A little area at the edge of Frederiksstaden area in old town Copenhagen is called Nyboder. The development of this area was started by Christian IV who started building this area after he had expanded the walls of the city north to double the size of Copenhagen.
Christian IV wanted to have the most powerful navy of northern Europe and to do this he needed a place for the crew of the naval ships to stay with their families when they were in the main naval base in Copenhagen – the officers already had houses inside the walls of the city. To get them housing in the old overcrowded town were impossible but when the city was suddenly expanded significantly there were space to create a fairly large area of yellow row houses for the naval sailors. The building project was quite ambitious and the fortifications of Copenhagen hadn’t been expanded up here by the time the building of the houses started – but it had started and the construction of the citadel Kastellet just north of Nyboder had begun.
The construction of Nyboder started in 1631 and was completed in 1641. The fortification of Copenhagen finally expanded up here by 1647 ensuring the houses were inside the fortified walls of the city giving them some protection in case of trouble.
The original housing district didn’t have a long life – in 1658 a gunpowder magazine nearby exploded causing a lot of damage of the area killing many people and destroying several houses.
In 1695 the city was getting overcrowded again despite of the significant increase of the city in the century before which had tripled the area of Copenhagen in a short period. It was considered to move some of the naval personal to the island of Møn which today is about two hours’ drive from Copenhagen – and back then must have taken several days to reach over land. The idea was abandoned and the navy was kept in Copenhagen for now.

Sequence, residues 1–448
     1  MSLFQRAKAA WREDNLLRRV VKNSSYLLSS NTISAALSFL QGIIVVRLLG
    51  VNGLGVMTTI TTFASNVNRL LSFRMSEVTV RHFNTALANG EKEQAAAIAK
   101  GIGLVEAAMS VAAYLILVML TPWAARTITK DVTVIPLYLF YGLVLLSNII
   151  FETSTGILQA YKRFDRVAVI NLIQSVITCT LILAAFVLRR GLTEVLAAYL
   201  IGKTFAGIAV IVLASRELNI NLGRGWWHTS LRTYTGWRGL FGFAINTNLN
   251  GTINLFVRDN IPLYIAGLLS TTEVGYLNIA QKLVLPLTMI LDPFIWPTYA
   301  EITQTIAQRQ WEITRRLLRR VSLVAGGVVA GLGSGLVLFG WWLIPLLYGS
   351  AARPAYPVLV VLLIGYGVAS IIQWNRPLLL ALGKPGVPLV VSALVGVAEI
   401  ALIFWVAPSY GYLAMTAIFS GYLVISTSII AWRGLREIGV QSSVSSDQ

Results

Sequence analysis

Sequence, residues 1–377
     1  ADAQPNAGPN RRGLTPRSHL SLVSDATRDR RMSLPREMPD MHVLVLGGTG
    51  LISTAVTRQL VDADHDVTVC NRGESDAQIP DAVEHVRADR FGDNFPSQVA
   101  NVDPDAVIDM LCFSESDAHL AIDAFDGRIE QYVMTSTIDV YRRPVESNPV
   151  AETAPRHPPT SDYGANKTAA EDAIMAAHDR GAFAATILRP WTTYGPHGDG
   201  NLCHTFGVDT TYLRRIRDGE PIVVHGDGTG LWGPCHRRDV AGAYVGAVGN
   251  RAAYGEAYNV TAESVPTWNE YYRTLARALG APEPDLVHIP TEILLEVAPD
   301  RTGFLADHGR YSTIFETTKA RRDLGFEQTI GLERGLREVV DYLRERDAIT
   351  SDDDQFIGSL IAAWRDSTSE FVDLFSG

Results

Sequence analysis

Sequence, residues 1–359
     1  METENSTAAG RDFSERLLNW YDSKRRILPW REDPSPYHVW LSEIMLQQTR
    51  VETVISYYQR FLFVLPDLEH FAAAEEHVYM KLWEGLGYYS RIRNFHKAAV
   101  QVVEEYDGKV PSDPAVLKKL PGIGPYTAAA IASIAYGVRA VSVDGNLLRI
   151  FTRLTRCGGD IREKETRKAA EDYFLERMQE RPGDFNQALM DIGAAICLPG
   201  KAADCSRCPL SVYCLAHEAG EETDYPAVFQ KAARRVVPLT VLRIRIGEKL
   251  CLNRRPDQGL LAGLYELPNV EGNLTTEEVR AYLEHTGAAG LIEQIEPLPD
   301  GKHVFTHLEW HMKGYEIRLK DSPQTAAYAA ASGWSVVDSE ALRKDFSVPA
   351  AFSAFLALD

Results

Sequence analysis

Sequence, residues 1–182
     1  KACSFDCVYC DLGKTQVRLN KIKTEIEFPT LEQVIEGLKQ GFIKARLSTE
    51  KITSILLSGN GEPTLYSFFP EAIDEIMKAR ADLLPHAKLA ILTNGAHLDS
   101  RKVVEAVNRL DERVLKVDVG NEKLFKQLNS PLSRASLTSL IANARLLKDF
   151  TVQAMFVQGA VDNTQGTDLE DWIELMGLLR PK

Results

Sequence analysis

To accommodate the increasing number of sailors the area of Nyboder was increased in size and the original houses got an extra storey to accommodate more sailors with their family – hence most of the houses date back to this expansion period of the second half of the 18th century. The area didn’t survive for long and in the middle of the 19th century half of the area was sold off and demolished.
Today it is nice to go and see the old yellow houses on a walk around Copenhagen. The area isn’t very touristy and often there will be no tourist here since most people will walk along the harbor instead of walking along Store Kongensgade from Kastellet.
As you walk pass Nyboder you will see a small statue which commemorates the Danish navy victory at the Battle of Helgoland against the Prussian Navy in the spring of 1864 giving Denmark pretty much the only victory during the disastrous second Schleswig War.